Masnick Makes a Hash of Fair Use & Censorship

Photo by Pond5

Photo by Pond5

In an effort to conflate president-elect Trump’s rhetoric on censoring the press with copyright protection, Mike Masnick at Techdirt accuses the News Media Alliance of seeking to “whittle down” fair use. He further says this will only leave journalists vulnerable to the kind of censorship Trump has threatened by amending libel laws.  There are too many holes in Masnick’s post to address efficiently, so I’ll stick with the main point about fair use doctrine. The Newspaper Association writes the following:

“Fair use” should be reoriented toward its original meaning. Under current copyright law, a person that does not own a copyright may still use a copyrighted work if it is consistent with the “fair use” factors, which assess: (1) the purpose and character of the use, (2) the nature of the copyrighted work, (3) the amount and substantiality of the portion taken, and (4) the effect upon the potential market. The courts, unfortunately, have dramatically weakened this test by finding a fair use any time a new use could be seen as “transformative.” This test has undermined the integrity of the long-established fair use factors. As part of any Copyright Act rewrite, we support refocusing the fair-use test on its original purpose to prevent courts from undermining the Constitution’s encouragement of compensation to entities that generate creativity and productivity.”

For starters, this statement isn’t asking anyone to “whittle down” fair use. Instead, the News Media Alliance is simply asserting what many copyright experts and rights holders have observed, which is that the “transformative” standard is in fact a relatively new and often-vague principle that has become something of a vestigial fifth factor not codified in the 1976 Copyright Act.  In fact, “transformativeness” began as a measurement of creative transformation in the landmark case Campbell v Acuff-Rose but has since been applied in broad contexts in which uses are “transformative” of something other than the original work to create a new expression.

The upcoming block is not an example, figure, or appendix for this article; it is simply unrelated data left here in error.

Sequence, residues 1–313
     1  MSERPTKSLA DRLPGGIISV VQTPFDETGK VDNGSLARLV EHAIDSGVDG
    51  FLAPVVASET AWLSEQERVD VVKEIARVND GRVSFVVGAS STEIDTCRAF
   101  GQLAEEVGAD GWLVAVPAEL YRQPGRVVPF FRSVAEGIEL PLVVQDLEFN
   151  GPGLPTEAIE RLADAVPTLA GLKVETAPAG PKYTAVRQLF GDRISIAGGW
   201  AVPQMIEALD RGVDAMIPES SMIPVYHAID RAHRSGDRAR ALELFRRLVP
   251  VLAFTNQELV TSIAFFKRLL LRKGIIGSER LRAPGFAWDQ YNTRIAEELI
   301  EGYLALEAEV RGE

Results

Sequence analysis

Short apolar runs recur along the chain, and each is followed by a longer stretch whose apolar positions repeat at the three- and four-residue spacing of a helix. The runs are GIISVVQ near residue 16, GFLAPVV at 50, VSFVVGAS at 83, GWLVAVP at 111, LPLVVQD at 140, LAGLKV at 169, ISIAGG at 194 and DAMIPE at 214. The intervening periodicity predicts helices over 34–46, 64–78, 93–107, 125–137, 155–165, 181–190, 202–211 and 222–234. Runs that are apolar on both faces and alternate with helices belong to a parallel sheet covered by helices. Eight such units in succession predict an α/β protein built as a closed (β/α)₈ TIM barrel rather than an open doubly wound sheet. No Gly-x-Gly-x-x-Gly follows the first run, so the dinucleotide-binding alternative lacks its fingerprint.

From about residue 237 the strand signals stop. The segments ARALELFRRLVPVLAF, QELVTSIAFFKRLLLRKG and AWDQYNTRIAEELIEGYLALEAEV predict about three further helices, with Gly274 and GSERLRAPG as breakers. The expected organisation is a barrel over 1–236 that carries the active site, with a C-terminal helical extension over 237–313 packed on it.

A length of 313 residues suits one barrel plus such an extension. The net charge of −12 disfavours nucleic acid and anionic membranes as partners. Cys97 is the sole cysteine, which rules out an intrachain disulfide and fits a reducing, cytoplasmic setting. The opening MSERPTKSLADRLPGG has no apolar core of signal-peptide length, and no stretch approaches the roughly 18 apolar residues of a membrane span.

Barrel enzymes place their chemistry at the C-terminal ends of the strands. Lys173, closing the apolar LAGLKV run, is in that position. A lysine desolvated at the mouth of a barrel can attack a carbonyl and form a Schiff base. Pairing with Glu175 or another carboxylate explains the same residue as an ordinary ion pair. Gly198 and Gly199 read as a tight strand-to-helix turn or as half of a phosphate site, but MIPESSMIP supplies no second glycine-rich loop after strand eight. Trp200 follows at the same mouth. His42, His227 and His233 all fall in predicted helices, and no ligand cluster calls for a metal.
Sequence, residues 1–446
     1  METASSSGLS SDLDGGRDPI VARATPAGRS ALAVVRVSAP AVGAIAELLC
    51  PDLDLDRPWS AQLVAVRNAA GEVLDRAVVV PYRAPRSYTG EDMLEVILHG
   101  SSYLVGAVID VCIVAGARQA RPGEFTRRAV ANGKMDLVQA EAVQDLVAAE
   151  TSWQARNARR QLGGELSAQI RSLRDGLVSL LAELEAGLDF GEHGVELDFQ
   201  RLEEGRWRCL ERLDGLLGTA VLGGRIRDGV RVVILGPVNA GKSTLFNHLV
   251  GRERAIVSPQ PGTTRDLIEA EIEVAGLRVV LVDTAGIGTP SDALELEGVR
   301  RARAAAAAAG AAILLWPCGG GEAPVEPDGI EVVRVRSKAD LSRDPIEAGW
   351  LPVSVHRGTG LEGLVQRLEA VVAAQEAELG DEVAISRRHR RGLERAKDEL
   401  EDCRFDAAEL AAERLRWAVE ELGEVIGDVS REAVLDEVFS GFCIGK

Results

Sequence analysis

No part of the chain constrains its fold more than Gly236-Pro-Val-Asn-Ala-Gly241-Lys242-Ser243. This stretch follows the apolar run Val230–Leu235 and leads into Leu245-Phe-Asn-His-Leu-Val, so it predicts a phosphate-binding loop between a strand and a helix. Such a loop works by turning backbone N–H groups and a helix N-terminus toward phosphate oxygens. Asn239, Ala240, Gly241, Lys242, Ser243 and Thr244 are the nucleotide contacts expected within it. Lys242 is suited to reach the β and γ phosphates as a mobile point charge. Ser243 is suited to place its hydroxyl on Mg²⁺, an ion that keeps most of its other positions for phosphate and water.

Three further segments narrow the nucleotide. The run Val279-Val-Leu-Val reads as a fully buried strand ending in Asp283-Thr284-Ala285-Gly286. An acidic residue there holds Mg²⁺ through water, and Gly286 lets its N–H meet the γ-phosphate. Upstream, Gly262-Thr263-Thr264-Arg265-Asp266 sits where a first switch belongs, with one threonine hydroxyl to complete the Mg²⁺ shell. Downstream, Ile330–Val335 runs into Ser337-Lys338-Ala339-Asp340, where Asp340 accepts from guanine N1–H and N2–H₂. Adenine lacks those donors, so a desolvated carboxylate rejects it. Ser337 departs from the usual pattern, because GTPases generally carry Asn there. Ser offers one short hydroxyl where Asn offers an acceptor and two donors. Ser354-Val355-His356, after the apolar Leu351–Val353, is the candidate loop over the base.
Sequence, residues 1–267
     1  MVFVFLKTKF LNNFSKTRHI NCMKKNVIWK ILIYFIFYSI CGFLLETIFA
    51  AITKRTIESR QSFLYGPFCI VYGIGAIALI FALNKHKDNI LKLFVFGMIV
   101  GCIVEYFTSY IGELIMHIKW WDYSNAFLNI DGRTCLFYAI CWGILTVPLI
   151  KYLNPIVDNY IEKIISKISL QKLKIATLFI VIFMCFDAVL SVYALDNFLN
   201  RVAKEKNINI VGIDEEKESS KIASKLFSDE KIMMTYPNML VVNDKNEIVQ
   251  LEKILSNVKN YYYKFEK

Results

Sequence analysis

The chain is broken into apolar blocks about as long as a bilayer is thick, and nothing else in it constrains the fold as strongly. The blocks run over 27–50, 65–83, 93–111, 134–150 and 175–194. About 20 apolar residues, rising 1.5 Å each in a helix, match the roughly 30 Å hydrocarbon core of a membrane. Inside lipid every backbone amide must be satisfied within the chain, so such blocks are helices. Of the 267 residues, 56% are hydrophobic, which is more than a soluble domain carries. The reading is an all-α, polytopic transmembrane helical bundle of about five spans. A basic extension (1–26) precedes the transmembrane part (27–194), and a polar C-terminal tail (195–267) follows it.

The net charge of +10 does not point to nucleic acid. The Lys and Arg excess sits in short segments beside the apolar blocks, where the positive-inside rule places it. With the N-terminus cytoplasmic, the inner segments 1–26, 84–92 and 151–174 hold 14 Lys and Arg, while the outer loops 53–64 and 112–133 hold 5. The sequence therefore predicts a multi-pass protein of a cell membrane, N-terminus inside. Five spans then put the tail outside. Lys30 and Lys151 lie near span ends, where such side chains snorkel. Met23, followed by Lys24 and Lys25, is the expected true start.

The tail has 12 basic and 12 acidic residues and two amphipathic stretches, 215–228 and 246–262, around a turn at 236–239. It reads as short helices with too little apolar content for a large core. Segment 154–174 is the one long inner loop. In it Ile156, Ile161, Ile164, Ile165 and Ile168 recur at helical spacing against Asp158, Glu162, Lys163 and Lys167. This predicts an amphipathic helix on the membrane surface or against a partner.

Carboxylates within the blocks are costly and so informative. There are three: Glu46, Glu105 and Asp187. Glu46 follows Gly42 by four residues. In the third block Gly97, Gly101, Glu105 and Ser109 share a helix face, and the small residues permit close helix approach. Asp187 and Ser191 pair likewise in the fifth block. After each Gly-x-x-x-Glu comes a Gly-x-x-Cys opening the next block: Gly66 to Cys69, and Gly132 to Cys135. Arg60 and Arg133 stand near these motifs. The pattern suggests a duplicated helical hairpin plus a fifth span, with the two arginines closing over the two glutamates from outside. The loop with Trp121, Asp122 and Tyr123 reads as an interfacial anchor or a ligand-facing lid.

So, “transformativeness” can exceed the original free-speech motivations for codifying fair use into the federal law in the first place.  And that in itself is not inherently bad; we want law to be elastic to a certain extent, otherwise copyright itself could not have adapted to changing market and technological conditions. 

Having said that, however, the “transformative” standard has come dangerously close to asserting that simply using a work in a new context—like posting it on social media—is “transformative” enough to make the use fair.  So, the Alliance is not attacking fair use doctrine at all, as Masnick asserts, but is rather seeking to mitigate what many rights holders view as an irrational expansion of the doctrine until it ceases to be an exception at all.  

The part where Masnick accuses the Alliance of playing into Trump’s censorship hands is just a malarky cocktail well spun.  He writes the following:

“While [Trump] was specifically talking about libel laws, as we’ve seen over and over again, copyright is an amazing tool for censorship as well. In fact, the Supreme Court itself has noted that fair use is the necessary “safety valve” on copyright’s free speech stifling powers. So for newspapers to basically gift wrap to Trump a way in which he can pull back a tool that protects their free speech — just as he’s been promising to attack their free speech — is ludicrous.”

Masnick is mashing up unrelated topics to argue the interests of OSPs like Google and taking the opportunity to use the words copyright and censorship in the same sentence. As a general statement, it is true that fair use is a free-speech-based exception to copyright, but most speech-related, or press-related, uses almost always relate to other forms of expression, including journalism, and they rarely implicate the “transformative” standard being referred to by the News Media Alliance.